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Mayor Bloomberg Discusses City's Efforts To Combat Obesity And Sugary Beverage Regulation

March 11, 2013

The following is the text of Mayor Michael R. Bloomberg's remarks as delivered today at City Hall:

"Well if everybody came here to find out what I said on David Letterman, I suggest you watch tonight. I cannot help you on that, but everybody watches David Letterman so you'll get a chance. If there's any other subject, was there something else we were supposed to be here for?

"Well good afternoon, everyone. On a more serious note, over the past ten years, as you know, we have adopted many groundbreaking and controversial public health policies - from banning smoking in workplaces, to requiring chain restaurants to post calorie counts, to banning trans fats, to posting letter grades in restaurants, to prohibiting smoking in parks and on beaches. And together, those and many other policies have helped New Yorkers live longer, healthier lives.

"Life expectancy in our city is now three years longer than it was in 2001 - and more than two years longer than the national average. But as far we've come, there is one public health crisis that has grown worse and worse over the years, and that is obesity.

"Obesity is a leading cause of diabetes, heart disease, and other deadly killers. We've tackled it by promoting exercise and healthy eating - and by supporting green markets and encouraging bodegas to carry fresh fruits and vegetables.

"But the fact is, as we all know, that is not enough. If we are serious about fighting obesity, we have to be honest about what causes it - and we have to have the courage to tackle it head-on. 70,000 people will die of obesity in America this year, 5,000 people in New York City will die of obesity.

"Now, the best science tells us that sugary drinks are a leading cause of obesity. Some people say: Just talk about the problem, raise awareness, and hope that results in change. But it's not enough to talk and it's not enough to hope.

"We have a responsibility as human beings to do something, to save each other, to save the lives of ourselves, our families, our friends, and all of the rest of the people that live on God's planet. And so while other people will wring their hands over the problem of sugary drinks, in New York City, we're doing something about it.

"The Board of Health's limit on the serving size of sugary drinks does not limit anyone's consumption; it just requires them to think about whether they really want more than 16 ounces.

"Remember, for many years, the standard soda size was 6 ounces - not 16, it was 6. Then it was 12 ounces - and people thought that was huge. Then it became 16, then 20 ounces.

"We believe it's reasonable to draw a line - and it's responsible to draw a line right now. With so many people contracting diabetes and heart disease, with so many children who are overweight and obese, with so many poor neighborhoods suffering the worst of this epidemic, we believe it is reasonable and responsible to draw a line - and that is what the Board of Health has done. As a matter of fact, it would be irresponsible not to try to do everything we can to save lives.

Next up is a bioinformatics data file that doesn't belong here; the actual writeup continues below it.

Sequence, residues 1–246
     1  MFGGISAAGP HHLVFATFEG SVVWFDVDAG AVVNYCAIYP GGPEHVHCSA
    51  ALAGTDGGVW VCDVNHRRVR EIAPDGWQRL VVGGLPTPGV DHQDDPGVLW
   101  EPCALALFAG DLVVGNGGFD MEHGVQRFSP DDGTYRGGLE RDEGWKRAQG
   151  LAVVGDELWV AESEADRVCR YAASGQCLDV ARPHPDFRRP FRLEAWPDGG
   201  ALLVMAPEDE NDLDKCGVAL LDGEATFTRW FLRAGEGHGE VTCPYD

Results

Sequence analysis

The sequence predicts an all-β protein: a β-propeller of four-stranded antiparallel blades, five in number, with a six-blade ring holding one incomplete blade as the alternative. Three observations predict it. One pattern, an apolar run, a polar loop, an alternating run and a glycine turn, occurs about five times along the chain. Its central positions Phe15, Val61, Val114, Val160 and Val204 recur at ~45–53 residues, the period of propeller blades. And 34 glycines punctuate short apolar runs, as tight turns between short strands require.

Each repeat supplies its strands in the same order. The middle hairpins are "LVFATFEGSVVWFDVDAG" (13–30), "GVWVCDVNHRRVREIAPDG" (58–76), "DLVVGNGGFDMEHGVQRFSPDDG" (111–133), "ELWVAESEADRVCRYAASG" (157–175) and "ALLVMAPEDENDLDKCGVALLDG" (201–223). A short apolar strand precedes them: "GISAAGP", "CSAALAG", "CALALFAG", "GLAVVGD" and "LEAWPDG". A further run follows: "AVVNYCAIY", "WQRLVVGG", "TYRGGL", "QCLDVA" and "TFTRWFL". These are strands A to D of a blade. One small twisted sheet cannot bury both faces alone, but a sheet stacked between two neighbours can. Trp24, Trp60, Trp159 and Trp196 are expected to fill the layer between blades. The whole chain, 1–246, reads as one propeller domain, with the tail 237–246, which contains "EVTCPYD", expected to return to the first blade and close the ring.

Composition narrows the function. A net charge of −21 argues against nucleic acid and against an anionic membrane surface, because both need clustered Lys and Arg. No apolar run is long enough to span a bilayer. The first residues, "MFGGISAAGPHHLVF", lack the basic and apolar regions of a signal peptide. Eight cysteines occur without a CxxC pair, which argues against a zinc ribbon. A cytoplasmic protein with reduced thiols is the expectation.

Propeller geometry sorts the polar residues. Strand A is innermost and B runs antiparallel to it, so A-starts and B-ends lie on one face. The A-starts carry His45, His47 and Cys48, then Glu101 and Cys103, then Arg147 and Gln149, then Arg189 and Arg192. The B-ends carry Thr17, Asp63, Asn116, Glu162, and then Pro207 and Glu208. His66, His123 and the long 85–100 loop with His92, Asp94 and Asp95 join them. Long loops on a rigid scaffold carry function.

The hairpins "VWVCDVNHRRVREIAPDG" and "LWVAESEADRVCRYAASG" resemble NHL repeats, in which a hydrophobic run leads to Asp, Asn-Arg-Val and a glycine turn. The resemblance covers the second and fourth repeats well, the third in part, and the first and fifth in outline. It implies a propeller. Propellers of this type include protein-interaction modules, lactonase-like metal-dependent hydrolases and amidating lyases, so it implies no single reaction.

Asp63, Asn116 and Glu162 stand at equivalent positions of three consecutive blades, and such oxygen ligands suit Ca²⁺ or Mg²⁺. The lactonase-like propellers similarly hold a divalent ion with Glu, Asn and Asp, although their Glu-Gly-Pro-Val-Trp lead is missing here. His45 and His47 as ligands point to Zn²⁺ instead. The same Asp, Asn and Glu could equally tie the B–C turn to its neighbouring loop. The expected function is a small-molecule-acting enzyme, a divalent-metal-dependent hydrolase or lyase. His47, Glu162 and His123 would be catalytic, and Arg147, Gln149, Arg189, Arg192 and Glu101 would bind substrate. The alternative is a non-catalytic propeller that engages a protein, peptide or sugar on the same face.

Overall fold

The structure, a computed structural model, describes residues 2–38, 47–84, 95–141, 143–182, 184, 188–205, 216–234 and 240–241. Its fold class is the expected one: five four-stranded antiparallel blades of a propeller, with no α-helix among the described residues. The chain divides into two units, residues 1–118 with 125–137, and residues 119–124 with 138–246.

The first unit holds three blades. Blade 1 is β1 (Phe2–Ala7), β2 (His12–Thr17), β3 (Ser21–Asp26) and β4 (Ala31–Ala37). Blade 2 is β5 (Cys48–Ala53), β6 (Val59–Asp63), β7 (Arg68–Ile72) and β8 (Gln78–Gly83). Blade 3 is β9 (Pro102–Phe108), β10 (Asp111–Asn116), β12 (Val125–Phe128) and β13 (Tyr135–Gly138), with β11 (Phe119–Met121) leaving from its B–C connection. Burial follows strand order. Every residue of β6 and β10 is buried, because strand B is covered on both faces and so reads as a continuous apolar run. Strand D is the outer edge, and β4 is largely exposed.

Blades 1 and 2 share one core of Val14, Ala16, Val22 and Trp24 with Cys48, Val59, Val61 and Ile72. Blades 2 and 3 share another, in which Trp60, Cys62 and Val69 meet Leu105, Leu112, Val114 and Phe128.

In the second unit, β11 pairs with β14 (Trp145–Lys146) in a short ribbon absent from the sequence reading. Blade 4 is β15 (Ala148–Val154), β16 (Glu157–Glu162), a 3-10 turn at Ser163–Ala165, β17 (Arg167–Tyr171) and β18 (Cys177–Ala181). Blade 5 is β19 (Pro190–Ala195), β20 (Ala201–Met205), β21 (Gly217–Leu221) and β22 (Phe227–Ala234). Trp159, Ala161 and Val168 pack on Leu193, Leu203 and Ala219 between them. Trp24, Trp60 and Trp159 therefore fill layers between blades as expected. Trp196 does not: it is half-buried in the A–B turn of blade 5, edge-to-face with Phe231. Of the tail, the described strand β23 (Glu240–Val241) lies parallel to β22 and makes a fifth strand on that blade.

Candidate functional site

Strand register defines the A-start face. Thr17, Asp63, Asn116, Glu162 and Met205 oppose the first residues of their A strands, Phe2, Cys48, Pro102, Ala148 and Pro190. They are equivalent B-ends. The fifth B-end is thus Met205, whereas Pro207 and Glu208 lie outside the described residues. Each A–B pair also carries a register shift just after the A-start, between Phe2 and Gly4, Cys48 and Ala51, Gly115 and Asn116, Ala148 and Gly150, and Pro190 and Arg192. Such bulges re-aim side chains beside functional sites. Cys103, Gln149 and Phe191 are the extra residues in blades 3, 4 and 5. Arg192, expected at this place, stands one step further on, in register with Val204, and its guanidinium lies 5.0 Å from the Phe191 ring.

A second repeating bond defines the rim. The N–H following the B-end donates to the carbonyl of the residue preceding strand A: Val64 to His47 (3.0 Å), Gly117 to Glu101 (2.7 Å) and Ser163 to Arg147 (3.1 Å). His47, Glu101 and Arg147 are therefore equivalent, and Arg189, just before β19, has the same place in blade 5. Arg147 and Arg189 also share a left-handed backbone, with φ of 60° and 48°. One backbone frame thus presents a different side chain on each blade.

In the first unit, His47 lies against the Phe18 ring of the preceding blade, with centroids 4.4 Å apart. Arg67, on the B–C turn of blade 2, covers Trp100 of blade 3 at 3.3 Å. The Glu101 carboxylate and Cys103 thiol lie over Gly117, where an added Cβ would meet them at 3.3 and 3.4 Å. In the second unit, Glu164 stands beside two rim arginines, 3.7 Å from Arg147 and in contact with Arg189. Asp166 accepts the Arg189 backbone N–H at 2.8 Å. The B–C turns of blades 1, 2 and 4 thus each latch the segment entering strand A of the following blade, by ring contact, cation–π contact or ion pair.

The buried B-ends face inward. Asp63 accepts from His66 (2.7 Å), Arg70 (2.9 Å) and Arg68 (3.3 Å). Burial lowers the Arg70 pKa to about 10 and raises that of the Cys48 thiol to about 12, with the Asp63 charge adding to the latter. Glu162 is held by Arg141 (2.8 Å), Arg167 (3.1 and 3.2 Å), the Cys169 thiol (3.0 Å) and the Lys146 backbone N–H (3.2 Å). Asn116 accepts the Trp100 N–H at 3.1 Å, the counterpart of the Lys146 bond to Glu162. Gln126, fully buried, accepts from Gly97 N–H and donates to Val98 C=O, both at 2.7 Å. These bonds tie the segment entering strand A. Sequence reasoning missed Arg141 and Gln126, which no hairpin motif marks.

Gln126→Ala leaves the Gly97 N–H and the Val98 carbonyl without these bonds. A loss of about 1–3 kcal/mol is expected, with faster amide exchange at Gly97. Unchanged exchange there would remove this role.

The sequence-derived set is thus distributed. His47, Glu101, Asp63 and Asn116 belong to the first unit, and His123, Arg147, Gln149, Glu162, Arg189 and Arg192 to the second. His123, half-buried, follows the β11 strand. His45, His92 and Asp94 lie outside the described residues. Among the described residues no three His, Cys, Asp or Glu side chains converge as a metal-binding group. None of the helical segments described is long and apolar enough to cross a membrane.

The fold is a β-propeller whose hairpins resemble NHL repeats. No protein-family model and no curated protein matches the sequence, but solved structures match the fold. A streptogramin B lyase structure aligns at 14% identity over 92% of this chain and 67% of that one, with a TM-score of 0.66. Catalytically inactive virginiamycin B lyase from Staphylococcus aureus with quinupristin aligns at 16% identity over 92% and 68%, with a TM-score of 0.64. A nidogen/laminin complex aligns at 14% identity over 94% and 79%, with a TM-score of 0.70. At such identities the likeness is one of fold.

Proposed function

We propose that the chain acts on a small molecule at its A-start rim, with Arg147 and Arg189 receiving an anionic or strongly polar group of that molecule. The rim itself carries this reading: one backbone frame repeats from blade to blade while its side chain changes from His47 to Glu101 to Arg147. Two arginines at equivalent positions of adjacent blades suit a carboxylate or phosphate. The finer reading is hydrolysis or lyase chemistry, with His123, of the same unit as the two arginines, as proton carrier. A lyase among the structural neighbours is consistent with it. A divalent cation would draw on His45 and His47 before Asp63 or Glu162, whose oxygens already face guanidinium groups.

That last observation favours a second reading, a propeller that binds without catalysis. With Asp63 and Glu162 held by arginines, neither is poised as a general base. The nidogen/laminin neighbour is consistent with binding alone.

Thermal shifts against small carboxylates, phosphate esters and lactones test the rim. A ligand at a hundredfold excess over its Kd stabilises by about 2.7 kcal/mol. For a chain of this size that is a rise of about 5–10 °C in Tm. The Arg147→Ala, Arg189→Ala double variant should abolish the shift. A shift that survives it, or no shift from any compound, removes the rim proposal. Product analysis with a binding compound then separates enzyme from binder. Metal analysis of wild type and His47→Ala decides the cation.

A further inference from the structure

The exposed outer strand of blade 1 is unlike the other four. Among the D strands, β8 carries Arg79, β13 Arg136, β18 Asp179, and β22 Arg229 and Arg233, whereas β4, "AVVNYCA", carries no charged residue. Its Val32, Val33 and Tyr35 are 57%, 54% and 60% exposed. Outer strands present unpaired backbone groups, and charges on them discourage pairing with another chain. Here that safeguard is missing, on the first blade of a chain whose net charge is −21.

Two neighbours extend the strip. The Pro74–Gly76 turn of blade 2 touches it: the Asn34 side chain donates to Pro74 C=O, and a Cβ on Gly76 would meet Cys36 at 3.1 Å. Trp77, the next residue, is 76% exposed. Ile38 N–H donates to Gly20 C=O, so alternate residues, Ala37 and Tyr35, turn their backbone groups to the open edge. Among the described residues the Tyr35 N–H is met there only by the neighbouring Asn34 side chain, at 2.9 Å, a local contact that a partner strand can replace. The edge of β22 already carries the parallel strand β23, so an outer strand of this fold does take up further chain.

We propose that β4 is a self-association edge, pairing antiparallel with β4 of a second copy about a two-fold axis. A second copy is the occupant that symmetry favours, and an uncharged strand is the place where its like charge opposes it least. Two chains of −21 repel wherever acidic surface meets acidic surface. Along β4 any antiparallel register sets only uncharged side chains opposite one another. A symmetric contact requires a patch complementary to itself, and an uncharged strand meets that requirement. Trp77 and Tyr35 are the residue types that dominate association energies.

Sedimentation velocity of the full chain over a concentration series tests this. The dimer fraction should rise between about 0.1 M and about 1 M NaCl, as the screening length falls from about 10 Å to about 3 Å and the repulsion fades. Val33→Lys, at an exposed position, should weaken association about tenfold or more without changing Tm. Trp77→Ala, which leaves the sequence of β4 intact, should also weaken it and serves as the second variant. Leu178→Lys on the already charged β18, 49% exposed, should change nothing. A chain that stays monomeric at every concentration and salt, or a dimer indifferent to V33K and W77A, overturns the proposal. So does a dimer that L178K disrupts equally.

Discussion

"Throughout its history, the New York City Board of Health has taken bold action to confront major public health problems. It banned lead paint, it required fluoride to be included in drinking water, and it required calorie counts to be included on the menus of chain restaurants.

"In each of these cases, the Federal government later followed the Board of Health's example.  Our Board of Health has always been a pioneer, and we're very proud of it. It has always been ahead of the curve, and you would expect nothing less from this city.

"Banning trans fats and adopting restaurant grading are just two other recent examples of that. Limiting the size of sugary beverages is consistent with the Board of Health's tradition and its mission. And we believe that ultimately, the courts will find it consistent with the law.

"Being the first to do something is never easy. When we began this process, we knew we would face lawsuits. Anytime you adopt a groundbreaking policy, special interests will sue.  That's America.

"But we strongly believe that, in the end, the courts will recognize the Board of Health's authority to regulate the sale of beverages that have virtually no nutritional value, and which - consumed in large quantities - are leading to disease and death for thousands of people every year.

"There are many, many instances where a lower court decision has gone against us and then been reversed. If lower court rulings had always stood, Grand Central Terminal would have been knocked down forty years ago.

"We're confident that today's decision will ultimately be reversed, too."

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